There are those who make a case for using a home equity line of credit (HELOC) as a first mortgage. Although this may not always be appropriate, there are situations in which a HELOC really could be the best option for a first mortgage.
Isn't a HELOC a Second Mortgage?
The term HELOC is not interchangeable with the term "second mortgage." A "first" or "second" mortgage only refers to the loan's claim position, not its terms. HELOCs and home equity loans are often referred to as "second" mortgages because there is usually another mortgage against the property when they are taken out. Indeed, HELOCs and home equity loans generally carry higher mortgage interest rates because it's assumed that they will be in second position, and therefore riskier to the lender. If you were to default, the lender in second position would not see any money until after the lender in first position had been repaid. However, it is possible to have a HELOC in first position if there is no other mortgage on your home when you take it out.
A HELOC's Advantages
Whether as a first or second mortgage, HELOCs have their advantages:
- Low cost. It can cost less than $500 (or even nothing at all) to set up a home equity line of credit. Mortgage costs for traditional home loans can run to thousands of dollars.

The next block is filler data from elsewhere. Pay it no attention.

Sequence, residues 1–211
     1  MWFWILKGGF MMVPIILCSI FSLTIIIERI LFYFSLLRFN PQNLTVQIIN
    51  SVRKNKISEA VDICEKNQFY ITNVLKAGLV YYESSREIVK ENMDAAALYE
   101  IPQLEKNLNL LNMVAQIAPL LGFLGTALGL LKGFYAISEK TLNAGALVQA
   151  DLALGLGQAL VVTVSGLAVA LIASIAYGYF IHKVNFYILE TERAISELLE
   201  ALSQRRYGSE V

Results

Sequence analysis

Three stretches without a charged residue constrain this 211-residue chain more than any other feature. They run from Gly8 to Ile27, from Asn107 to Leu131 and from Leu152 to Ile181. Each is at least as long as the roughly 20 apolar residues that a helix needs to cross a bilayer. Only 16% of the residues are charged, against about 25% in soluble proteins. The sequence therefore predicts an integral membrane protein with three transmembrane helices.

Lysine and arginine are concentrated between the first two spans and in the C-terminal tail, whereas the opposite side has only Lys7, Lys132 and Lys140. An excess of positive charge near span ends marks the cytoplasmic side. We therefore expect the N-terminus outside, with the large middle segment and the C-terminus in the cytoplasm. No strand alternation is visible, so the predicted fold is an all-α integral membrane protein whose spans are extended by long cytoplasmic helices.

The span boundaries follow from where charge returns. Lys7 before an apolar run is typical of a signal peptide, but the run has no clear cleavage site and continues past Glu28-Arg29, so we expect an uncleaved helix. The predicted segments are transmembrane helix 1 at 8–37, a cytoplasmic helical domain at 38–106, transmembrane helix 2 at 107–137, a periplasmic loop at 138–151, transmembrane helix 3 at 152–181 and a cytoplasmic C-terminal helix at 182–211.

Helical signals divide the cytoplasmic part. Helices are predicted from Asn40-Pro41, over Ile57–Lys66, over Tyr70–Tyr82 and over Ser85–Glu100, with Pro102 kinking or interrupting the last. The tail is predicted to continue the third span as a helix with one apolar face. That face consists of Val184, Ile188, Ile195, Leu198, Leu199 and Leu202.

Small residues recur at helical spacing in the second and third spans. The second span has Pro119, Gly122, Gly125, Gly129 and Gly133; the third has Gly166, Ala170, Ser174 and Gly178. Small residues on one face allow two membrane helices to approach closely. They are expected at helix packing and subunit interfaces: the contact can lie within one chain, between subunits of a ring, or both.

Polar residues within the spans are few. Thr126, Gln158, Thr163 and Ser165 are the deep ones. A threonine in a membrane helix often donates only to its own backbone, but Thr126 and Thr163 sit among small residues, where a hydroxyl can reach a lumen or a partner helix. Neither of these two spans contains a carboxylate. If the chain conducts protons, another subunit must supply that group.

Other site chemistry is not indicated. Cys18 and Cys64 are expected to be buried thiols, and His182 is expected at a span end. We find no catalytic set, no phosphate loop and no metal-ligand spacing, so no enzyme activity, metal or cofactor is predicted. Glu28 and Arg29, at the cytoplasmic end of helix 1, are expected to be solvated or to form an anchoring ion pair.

- Flexibility. You can use and reuse your HELOC as many times as you like during what is called the "drawing period" -- generally the first five or 10 years of a 15- to 30-year loan.
- Easy access to funds. Traditional mortgages will not let you borrow more once you pay them off. Furthermore, if you make principal reduction payments on a traditional mortgage, you can't get that prepaid money back if you need it without taking out a new loan.
Drawbacks of a HELOC
HELOCs also come with some significant disadvantages. It's important to consider them before choosing a HELOC as either a first or second mortgage: